A nice pair of Bristols? We go in search of shutline nirvana – by air and by road.
Earlier in the week, we spent a fair amount of time examining shutlines and the lengths to which some carmakers will go to engineer solutions to the issues left by the stylists, not to mention the depths to which the marketing team will descend to cast them in the best possible light.
Another stylistic dud from the pen of Marcello Gandini, the technically advanced 1974 Maserati Quattroporte expired at birth. We chart its brief life.
When the Maserati Quattroporte was introduced in 1963 it became the first Modenese four door super-berlina, offering well-heeled customers the space and practicality of a sedan with the dynamism and vivid performance of a grand turismo. In 1969 however, production of the model ceased, with close to 800 built – a commercial success by Casa del Tridente standards.
A significant cultural shift was taking place at Viale Ciro Menotti by this time – Automobiles Citroën having acquired control of the Modenese carmaker the previous year. With work quickly progressing on a new sub-3.0 litre V6 engine for the double chevron’s forthcoming grand turismo, Maserati engineering chief, Ing. Giulio Alfieri seemingly took a long hard look at Quai de Javel technology, in particular Citroën’s decision to Continue reading “Porte de Javel”
We return to our analysis of the 50-year old Austin and Fiat contemporaries with a look at their engines. One was the work of a revered racing engine designer, the other was cobbled together by two capable engineers in the backrooms of Longbridge under the thumb of an unsympathetic boss with his own peculiar agenda.
On paper a conservative design, the Maxi’s E series engine turns out to be downright odd in its execution. It evolved from a 1300cc prototype with a belt-driven overhead camshaft, one of many experimental designs being developed in the West Works at Longbridge. Long-serving engine designers Eric Bareham and Bill Appleby were handed the task of reworking the inchoate power unit into an engine suitable for BMC’s new mid-range car.
More capacity was needed, so it was bored out to accommodate 3 inch pistons, leaving no space for waterways between bores or any further outward expansion. Issigonis vetoed belt drive for the camshaft in favour of a traditional single-roller chain, on the reasonable grounds that belt technology was new and unproven at the time. Continue reading “128 vs Maxi Part 4: The Racehorse and the Donkey”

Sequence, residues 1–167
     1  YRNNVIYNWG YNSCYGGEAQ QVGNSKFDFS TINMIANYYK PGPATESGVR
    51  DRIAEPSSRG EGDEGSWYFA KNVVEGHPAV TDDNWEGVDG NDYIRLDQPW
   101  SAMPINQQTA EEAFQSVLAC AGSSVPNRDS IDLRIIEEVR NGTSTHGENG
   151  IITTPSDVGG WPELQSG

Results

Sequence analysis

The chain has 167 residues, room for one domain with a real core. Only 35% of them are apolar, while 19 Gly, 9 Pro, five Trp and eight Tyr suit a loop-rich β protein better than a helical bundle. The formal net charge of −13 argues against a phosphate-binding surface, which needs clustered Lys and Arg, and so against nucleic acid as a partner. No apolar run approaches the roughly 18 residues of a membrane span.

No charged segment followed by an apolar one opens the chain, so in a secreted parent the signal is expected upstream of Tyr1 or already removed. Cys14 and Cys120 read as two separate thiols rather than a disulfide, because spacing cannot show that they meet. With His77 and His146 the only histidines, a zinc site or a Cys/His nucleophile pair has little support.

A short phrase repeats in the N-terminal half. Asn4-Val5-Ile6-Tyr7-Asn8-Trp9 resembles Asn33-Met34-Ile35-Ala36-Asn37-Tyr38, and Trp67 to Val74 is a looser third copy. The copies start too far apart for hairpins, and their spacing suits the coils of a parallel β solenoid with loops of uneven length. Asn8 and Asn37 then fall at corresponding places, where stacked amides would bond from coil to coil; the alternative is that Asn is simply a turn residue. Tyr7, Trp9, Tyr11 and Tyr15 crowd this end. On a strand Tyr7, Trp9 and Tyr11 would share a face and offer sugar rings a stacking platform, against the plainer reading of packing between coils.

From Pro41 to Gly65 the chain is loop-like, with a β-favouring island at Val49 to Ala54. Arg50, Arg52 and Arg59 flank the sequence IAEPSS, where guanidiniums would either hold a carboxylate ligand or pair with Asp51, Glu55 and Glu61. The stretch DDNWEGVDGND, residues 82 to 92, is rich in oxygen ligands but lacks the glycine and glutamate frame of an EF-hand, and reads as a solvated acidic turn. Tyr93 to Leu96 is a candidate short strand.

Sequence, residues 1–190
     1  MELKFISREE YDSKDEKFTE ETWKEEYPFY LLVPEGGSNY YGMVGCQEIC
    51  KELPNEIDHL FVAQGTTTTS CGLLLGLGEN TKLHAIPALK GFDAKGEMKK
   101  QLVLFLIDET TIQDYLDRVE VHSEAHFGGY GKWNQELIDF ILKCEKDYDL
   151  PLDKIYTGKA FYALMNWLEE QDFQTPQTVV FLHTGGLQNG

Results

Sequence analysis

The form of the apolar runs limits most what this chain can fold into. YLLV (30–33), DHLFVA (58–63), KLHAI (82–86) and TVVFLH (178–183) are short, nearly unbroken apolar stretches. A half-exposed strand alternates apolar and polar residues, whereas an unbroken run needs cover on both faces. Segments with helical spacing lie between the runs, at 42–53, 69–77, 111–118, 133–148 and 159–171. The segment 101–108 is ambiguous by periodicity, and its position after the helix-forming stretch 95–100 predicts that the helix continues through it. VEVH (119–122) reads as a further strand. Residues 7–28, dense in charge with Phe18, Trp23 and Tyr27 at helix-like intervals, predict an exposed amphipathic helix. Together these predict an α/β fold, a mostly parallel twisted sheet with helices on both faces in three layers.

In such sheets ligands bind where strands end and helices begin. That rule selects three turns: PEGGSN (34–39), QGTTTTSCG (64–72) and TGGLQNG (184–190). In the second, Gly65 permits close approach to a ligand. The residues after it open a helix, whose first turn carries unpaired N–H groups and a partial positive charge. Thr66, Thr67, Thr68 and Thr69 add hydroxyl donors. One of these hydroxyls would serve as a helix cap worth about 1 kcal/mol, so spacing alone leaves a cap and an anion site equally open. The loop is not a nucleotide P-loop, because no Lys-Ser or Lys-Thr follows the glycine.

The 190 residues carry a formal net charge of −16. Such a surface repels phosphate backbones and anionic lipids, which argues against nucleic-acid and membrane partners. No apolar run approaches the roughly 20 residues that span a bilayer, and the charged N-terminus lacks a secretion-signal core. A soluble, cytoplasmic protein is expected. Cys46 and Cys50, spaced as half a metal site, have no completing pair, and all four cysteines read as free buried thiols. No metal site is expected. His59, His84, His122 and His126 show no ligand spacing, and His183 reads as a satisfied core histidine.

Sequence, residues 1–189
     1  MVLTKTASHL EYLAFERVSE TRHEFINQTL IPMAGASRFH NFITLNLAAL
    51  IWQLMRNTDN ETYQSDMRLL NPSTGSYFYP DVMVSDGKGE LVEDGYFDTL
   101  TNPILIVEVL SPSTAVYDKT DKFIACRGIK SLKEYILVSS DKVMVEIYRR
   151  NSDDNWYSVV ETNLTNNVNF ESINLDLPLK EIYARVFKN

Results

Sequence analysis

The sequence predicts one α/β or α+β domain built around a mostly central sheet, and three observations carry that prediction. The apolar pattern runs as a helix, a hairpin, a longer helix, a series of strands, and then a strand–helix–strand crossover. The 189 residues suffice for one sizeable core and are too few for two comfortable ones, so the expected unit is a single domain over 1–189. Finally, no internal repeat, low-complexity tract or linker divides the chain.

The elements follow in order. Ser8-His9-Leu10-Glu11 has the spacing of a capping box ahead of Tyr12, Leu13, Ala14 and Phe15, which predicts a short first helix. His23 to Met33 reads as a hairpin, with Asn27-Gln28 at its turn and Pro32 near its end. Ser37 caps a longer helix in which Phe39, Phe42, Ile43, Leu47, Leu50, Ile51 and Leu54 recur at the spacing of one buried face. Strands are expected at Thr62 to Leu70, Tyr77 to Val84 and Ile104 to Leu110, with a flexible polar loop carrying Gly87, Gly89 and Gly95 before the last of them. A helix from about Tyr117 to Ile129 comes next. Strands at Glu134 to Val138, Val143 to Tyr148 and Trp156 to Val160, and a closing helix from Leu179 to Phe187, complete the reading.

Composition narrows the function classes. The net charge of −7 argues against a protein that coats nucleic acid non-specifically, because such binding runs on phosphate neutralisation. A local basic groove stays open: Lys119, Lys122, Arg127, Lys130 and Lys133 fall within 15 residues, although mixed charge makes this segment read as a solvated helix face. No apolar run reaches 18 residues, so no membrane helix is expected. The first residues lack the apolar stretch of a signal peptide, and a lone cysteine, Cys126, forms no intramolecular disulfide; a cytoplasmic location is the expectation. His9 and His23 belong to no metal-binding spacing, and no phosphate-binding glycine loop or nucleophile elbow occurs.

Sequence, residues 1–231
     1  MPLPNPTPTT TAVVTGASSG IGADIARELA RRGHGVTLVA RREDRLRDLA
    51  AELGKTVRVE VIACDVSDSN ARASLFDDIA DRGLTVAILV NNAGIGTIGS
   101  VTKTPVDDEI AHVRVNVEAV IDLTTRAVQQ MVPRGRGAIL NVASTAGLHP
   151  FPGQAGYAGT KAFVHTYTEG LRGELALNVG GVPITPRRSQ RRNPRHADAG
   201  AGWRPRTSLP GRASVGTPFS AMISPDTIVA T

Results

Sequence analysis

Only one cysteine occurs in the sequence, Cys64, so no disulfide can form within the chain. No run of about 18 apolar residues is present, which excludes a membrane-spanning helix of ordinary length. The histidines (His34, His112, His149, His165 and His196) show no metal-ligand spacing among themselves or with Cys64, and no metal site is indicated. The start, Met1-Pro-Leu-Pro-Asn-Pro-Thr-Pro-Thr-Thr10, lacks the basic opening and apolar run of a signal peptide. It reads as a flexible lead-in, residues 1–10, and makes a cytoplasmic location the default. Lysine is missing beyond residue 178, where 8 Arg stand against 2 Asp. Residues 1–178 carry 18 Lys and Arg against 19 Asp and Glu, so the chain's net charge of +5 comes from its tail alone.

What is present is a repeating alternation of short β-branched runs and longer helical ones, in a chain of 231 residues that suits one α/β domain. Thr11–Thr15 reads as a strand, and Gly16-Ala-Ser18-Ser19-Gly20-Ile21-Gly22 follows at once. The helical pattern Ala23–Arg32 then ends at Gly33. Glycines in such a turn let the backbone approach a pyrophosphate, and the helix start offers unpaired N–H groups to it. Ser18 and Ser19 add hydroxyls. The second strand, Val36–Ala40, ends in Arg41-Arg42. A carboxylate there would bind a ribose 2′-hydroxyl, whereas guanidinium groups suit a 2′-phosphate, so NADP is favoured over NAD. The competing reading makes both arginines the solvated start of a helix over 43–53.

We return to our two stars of the spring 1969 season with a look at the different approaches to chassis design adopted at Longbridge and Lingotto. One car defied convention, the other defined the new orthodoxy.
Raw facts first: The Fiat 128 uses MacPherson struts at the front, with coil springs and a transverse anti-roll bar, and a fully independent system at the rear, comprising a transverse leaf spring, struts, and a single wishbone per side. The Austin Maxi has Hydrolastic springing and interconnection, with upper and lower links in a parallelogram arrangement at the front, and fully trailing arms at the rear.
Today we interrogate Jaguar’s quality claims, explore Browns Lane’s engine policy – and indulge in a spot of counter-factuality.
“Unreliable and unjustifiable, its cars had become a laughing stock, its management a comedy and its accounts a tragedy. Only when it began to take itself very seriously indeed, to cultivate the quality it had previously scorned did things change…” (LJK Setright – Car 1986)
It has been retrospectively stated that the Egan-led quality drive was more illusory than real, which is perhaps a little unfair to the huge effort from all concerned. There was however, in Egan parlance, perhaps a little more sizzle than steak to it. Nevertheless, the reforms had a basis in fact and if the JD Power statistics were any guide, it’s evident that Jaguar made significant strides in this area.
“As you know, the quality of a car really starts with the body. Get the body right and you get the paint right. Get the body and the paint right and everything fits.” [John Egan – Motor, August 1980].
What would become the epicentre of Series III’s existential maladies lay North West of Browns Lane, opposite the Grade A listed Fort Dunlop tyre factory in the district of Erdington, on the outskirts of Birmingham. The Castle Bromwich facility, built by William Morris, was completed in 1940 as a wartime shadow factory for large-scale manufacture of Spitfire fighter aircraft. Over half of the total compliment of Spitfires flown were constructed there.
Post-War, it was purchased by Pressed Steel Fisher as a ‘jobbing shop’ producing bodies in white (unpainted shells) to highly variable standards for a number of domestic manufacturers, Jaguar included. It was entirely reasonable for BL to Continue reading “Saving Grace – Part Three”
On the face of things, Honda’s Geneva e prototype – a thinly veiled (95% production-ready, we are told) version of the forthcoming production Urban EV, marks not only a refreshing change from the over-decorated norm but also a satisfyingly close approximation of the car Honda showed at Frankfurt 2017 to audible gasps of pleasure from the massed cohort of auto-commentators, this non-attending scribe included.